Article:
"Transducer" has to be the most intimidating name in all Clojure-land. For everyday use, however, they're really simple. (I don't get the truly fancy stuff, like writing one's own transducers, or getting them to hold state.)
The simple "for beginners" (recommended experience level: you know how to use map and reduce and function composition and the threading macro) flavor of transducers is: like function composition, but with some more fancy.
This blog post is an attempted translation of the basic parts of the Clojure documentation page on transducers into more comprehensible terms that don't require you to be as smart as Rich Hickey to understand.
So one way to think of transducers is just as a different way of doing ordinary function composition, but where you don't have to explicitly call "partial" to do partial application for those sequence functions that support the special one-less-arity-makes-a-transducer powers, and also they go in a different order.
(def transducer-math (comp (map #(+ 5 %)) (map #(/ % 3)))) (def composed-math (comp (partial map #(+ 5 %)) (partial map #(/ % 3))))
Compare the two:
(into  (composed-math [1 2 3]))
(into  transducer-math [1 2 3])
Why are these different? Because ordinary function composition runs backwards, like nesting, so it applies the division before the addition. Transducer composition runs forward, the "natural order," like the arrow threading macro
-> does, so it applies the addition before the division.
transduce is like
reduce, with a bit of magic under the hood. The docs have stuff I don't even begin to understand in there, but what it seems to amount to is that it applies the transducer to the collection before reducing, i.e., you can replace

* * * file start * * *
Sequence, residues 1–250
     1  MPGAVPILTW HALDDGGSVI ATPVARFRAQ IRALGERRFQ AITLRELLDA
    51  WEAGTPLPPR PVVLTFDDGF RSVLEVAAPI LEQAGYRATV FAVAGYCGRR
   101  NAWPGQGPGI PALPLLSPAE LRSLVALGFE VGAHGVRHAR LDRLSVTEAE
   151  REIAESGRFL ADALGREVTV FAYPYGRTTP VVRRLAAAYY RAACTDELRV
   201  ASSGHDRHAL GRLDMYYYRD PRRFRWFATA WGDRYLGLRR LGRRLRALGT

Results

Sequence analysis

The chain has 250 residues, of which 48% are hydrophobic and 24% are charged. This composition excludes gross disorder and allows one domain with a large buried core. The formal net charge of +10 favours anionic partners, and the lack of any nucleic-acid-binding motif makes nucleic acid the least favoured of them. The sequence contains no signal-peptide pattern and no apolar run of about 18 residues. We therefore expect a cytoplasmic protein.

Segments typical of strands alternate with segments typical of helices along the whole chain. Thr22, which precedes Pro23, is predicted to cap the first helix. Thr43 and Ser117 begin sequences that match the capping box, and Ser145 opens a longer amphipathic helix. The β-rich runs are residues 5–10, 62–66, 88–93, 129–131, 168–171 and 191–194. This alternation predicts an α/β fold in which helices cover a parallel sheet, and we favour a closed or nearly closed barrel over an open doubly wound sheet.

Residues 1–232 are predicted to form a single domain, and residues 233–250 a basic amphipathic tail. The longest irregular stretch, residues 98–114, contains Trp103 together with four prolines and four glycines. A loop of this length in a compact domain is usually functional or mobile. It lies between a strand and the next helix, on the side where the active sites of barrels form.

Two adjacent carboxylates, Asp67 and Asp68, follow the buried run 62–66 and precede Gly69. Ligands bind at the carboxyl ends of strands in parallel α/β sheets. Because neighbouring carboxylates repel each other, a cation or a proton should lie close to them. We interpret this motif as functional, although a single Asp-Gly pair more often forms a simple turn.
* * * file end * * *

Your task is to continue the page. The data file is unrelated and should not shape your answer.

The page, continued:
transduce transducer and it will otherwise work.
(def xf (comp (filter odd?) (filter #(> 5 %))))
(transduce xf + (range 10))
(reduce + (range 10))
(transduce xf conj  (range 10))
(reduce conj  (range 10))
eduction seems to basically just mean "create a lazy sequence from applying the transducer to the collection"
(take 2 (eduction xf (range 10)))
sequence does the same thing, so I have to confess to a bit of confusion as to what the differences are.
(take 2 (sequence xf (range 10)))
Other advantages of transducers: you can apply them to core.async channels, so everything that comes in gets transformed. They're also potentially more efficient than ordinary nested calls and such, because they don't create intermediate sequences for all the steps (not even lazy ones).
For future reference, here's the list of the built-in higher-order sequence functions that make transducers when called with one less arity, straight from the docs:
Christophe Grand has also written tranducerific support for more core functions. Right now they seem a little hard to understand (especially x/reduce!!) but reading the code is interesting...
Also, this is a nice SO.